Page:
Kids are magic.

I’ve been teaching extra classes the last few weeks to cover for a teacher who has been out.

It’s been so much fun, as I’ve gotten to have a class one age group high than I usually teach. The 8-10 year olds are stinking hilarious, and they find my obsession with Harry Potter to be fascinating.

To learn their names, and sort of warm them up to me, I have them say their name, age, and favorite thing about themselves. It’s such a great age to learn so much more about myself through them. Kids this age typically don’t know to be afraid yet. Some are self conscious already, but are usually more trusting to adults they trust or respect. I love hearing how one got four ribbons in her horse jumping competitions, how another loves to read, how ones favorite thing is her family and ballet, how another is allergic to gluten. The things they decide are the things they want you to know about them are truly fascinating.

I’ve had to brainstorm ways to make my classes more challenging, and where I want to take each of the classes. These kids are more advanced than most of the classes I’ve had in years past, which is pretty exciting. It’ll make their recital pieces fun, too. Thankfully, it’s my classes as a whole. Each level seems to be a little higher, even on different days with different kids. I started out making them a bit more complex, but it seems they’re hungry for more.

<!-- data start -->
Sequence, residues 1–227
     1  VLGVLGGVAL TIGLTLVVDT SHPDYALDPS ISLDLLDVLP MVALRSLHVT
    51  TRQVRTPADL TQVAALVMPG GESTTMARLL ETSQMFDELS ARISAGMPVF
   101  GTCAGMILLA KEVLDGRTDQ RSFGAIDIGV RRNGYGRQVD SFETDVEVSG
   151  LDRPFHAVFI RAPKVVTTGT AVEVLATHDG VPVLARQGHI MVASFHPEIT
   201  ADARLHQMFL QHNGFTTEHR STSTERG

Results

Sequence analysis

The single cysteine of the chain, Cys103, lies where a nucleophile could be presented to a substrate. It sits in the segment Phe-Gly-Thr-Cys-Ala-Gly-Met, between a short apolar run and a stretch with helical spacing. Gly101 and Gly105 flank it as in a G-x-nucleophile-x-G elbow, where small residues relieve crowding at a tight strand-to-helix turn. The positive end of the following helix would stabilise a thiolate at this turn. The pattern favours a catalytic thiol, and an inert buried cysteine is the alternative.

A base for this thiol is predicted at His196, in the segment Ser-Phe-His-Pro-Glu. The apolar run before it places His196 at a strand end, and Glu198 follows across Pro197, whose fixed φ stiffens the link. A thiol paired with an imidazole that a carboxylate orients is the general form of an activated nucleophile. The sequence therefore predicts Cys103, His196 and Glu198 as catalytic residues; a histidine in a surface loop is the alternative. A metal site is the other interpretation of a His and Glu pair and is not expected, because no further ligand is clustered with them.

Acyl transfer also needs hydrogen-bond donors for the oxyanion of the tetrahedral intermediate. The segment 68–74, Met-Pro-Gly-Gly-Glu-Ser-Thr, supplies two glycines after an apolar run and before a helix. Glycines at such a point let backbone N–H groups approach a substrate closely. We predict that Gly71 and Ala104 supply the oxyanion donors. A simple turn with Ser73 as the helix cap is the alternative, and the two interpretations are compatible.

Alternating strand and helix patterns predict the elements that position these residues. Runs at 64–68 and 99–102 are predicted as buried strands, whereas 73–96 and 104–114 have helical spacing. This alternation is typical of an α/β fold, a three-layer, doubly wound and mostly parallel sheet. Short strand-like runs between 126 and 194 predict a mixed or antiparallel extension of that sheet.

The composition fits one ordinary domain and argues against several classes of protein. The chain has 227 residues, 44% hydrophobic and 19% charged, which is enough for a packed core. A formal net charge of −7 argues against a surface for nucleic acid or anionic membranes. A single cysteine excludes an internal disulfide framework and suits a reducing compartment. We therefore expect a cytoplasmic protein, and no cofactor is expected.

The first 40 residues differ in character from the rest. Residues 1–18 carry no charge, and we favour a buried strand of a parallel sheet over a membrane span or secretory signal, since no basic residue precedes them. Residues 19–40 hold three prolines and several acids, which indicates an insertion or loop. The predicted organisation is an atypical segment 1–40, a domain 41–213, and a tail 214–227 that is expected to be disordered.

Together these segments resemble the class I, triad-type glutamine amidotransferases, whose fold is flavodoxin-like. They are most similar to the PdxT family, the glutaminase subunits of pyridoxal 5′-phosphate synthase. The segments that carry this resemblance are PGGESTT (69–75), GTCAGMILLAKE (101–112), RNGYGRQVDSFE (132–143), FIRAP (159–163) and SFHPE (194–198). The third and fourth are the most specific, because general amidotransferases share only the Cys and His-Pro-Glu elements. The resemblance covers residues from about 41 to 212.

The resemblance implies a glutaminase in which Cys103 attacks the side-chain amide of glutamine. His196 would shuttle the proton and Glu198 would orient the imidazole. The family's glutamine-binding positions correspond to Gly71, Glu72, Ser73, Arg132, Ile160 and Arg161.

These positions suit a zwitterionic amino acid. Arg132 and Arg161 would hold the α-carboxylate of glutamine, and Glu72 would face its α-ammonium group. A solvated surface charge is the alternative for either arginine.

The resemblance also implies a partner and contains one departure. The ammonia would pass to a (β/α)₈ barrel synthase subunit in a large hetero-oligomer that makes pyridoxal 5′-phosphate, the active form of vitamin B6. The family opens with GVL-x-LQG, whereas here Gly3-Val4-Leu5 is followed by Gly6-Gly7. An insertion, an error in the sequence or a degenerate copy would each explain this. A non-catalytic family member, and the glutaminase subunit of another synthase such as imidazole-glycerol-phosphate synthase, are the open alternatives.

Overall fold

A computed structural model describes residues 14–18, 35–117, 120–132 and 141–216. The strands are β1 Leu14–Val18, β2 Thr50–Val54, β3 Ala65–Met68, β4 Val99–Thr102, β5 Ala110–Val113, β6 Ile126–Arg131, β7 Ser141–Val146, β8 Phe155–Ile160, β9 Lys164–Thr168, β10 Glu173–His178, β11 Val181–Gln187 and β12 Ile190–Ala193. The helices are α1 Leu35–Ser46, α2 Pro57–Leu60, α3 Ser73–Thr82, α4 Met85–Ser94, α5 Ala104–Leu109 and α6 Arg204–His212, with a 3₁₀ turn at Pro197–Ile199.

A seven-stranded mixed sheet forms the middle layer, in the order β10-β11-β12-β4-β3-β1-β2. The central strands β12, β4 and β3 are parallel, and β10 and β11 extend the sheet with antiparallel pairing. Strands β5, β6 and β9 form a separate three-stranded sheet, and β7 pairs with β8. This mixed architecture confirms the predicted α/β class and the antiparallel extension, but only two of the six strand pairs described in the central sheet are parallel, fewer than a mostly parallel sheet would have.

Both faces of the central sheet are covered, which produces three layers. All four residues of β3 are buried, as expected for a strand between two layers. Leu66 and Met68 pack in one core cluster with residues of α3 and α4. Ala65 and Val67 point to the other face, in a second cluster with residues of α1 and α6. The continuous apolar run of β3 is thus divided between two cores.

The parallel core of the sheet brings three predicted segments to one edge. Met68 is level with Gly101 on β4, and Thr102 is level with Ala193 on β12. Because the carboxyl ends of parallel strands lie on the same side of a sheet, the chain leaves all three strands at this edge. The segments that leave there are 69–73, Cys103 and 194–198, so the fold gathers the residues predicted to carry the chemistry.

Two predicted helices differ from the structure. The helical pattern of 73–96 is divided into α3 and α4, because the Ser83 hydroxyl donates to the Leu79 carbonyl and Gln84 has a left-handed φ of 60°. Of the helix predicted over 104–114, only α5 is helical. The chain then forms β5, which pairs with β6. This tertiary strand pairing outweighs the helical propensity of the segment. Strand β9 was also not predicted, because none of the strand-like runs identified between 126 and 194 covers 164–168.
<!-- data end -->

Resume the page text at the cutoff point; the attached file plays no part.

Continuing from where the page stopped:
I’ve started looking at costumes and trying to narrow down songs, but haven’t set anything in stone yet. I do want to try and make them all to the Harry Potter score to some degree. There’s really a lot of options there, given the fact there’s 8 movies, and two more in the Fantastic Beasts franchise. I probably won’t set anything solid until I’m sure of how many dances I have. Sometimes we combine days, but it hasn’t been consistent for my classes the past few years. I am excited for this group of kids.

I’ve had a few rough days here lately. Long days and my body doing scary things, which cause my brain to tell me all sorts of terrible endings. But seeing these kids warms my heart. Little things, like them randomly running up and hugging my leg in the middle of class, the hilarious facial expressions they make in this one part of class, seeing them excited for class, kids crying because they don’t want to leave. (L.O.L.) one dancer who’s sister I teach drew me a picture. She kept adding more to it to prolong having to leave. Then hugged me so many times I lost count.

I hung it on my fridge. It’s a reminder of good things still in the world, even when it seems dark.

Every day is a gift. I hope to never waste a moment.


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